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Beauty filters are often used on apps such as Instagram and Snapchat to enhance a person’s physical appearance. Whether it be to smooth the skin, enlarge the lips or slim the face, these filters are regularly used by individuals, as well as companies, to help market their products and services.
In January, the Advertising Standards Authority (ASA) banned two social media posts that used filters to promote tanning products. They released guidelines stating that:
In other words, any ‘after’ image should be representative of what consumers can genuinely obtain from the product. Ad’s which break these rules will be taken down and prohibited from appearing again. The ASA investigation was a result of a report from Sasha Louise Pallori, a model who also launched the #Filterdrop campaign to raise awareness of false images in online advertising and influencer content. Dr Luke Evans MP has proposed a law being heard by
Parliament to force social media users and advertisers to label images where filters have been used.
As, the Skin Collaborative we educate and inspire society to take care of their skin, and being happy in your own skin is fundamental to what we do. That’s how the #thefacebehindthefilter was born; from our desire to challenge this perceived concept of perfection and give permission to people to be themselves.
The power that ‘social media influencers’ command is pretty overwhelming. They cajole millions of followers with the ‘latest makeup routine’ or ‘how to achieve flawless skin’. With magazine circulation dwindling and the pandemic forcing people to be isolated at home, brands and marketeers seized the opportunity to promote instant gratification.
Products that offered quick fixes!! BUT at what cost?
The little to no regulation on social media platforms has led to unattainable aesthetic images and has created a breeding ground for insecurities, as we compare our own image to the looks and lives of others. They (the media) trade on aspiration; an aspiration for perfection. An aspiration that is frankly unreal and unachievable.
We worry that the perpetual lockdowns have compounded the issue further. There are no filters in the real world, so once we emerge from our cocoons filtering images will no longer be an option. The real us will be back on display.
How will this impact us psychologically?
Will we be even more self-conscious? Have the flames of our unrealistic expectations been fanned?
Only time will tell!
Even, more worrying is the impact on the younger generation. We’re aware of children as young as four watching make up tutorials and wanting to introduce facial routines. We as skin professionals are all for caring for skin, but young skin needs gentle care with the right products.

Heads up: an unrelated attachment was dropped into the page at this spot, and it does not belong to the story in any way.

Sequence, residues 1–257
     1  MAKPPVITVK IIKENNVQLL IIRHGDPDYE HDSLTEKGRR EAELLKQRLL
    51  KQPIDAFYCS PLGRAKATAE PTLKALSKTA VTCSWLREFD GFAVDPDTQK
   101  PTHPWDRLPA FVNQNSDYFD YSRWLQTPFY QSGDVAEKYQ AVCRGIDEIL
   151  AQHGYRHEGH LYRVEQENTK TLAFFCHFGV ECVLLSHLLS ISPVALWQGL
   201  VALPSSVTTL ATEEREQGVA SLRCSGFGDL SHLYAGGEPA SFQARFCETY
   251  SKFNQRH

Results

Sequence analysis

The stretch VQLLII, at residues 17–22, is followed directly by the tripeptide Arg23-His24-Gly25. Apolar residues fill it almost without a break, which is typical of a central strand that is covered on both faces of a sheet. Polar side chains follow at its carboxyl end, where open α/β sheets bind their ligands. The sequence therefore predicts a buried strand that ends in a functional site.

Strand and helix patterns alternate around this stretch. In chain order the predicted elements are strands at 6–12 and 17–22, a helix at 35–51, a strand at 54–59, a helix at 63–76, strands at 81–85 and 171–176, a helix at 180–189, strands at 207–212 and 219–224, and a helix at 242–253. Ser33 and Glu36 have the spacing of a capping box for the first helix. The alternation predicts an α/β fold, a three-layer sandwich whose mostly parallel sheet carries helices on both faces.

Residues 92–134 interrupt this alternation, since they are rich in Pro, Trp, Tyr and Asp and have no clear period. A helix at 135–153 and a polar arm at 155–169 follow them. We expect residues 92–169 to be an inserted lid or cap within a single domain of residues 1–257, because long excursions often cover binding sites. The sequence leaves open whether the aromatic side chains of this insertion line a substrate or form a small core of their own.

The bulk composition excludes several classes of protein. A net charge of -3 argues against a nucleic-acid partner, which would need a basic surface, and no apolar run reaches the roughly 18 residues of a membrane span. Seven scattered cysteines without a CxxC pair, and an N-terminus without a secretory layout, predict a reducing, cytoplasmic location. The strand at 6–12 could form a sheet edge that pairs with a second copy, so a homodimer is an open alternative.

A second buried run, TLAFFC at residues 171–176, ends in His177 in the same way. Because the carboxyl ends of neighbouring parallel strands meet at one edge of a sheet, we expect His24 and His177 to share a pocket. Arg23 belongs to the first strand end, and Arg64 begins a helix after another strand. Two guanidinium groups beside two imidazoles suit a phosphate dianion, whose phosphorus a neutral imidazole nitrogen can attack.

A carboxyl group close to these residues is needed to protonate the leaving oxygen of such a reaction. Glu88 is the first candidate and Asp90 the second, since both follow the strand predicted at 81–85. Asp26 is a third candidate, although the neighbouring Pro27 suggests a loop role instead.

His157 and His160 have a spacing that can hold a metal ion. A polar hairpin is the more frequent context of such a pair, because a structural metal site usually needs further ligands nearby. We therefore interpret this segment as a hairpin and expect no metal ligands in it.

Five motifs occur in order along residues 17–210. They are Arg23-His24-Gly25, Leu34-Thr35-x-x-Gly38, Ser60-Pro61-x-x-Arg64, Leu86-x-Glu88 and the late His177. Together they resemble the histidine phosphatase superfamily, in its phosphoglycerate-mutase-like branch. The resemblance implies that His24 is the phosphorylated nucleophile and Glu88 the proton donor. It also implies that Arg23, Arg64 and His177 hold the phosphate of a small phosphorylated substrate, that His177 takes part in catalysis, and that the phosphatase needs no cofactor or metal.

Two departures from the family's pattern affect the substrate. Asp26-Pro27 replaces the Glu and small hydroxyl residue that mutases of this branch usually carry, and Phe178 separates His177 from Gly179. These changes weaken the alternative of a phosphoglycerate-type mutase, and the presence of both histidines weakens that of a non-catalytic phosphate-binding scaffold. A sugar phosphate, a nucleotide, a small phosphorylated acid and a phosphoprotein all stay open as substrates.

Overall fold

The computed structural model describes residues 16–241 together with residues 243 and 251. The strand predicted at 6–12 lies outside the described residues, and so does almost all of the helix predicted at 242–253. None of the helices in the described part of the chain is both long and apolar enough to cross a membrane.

How do we manage that? It’s concerning! What we are failing to hear, is that NOT everyone has perfect skin and that is okay!!
This unhealthy representation, is leading to body dysmorphia, reduced self-worth and lack of self-confidence. Those with skin conditions such as acne, rosacea, pigmentation, lines and wrinkles, scarring, sagging ageing skin are feeling isolated; unrepresented, under-valued and sadly not beautiful!
Yet, according to a survey carried out by Toronto University, half of girls and young women will not post a selfie without use of a filter to enhance or change their image. This stat’ is from 2018, so we would hazard a guess
if it’s even higher now.
It’s not just the younger audience either – filters are relatively new to the older generation. Indeed, we joke that all we had to worry about back in the day was red-eye. It’s easy to fall foul to the manipulated imagery, believing it to be true. It feeds the wish to control the ageing process and look forever youthful, have lighter skin, or even flawless skin tone.
However, the fact is there is no one miracle cream, but that does not sell the dream does it?
It’s time for change and we are pleased to say the uprising has started. We are starting to see acne sufferers posting filter and makeup free selfies. They are showing the world they are proud of who they are, irrespective of their skin issues.
That’s powerful and we salute them!
Filters are finally starting to be regulated. Instagram have removed filters that focus on harmful stereotypes or directly promote plastic surgery, although you can still find filters to plump your lips, change the shape of your eyes or thin down your face.
As skin professionals, filters can impact our clients’ expectations. It is quite normal for clients to expect immediate results, so we find managing those expectations is key.
Reminding people what is real and what is not.
We too have anxiety about our skin, which is why we felt the need to show #thefacebehindthefilter and we encourage you to do so too.
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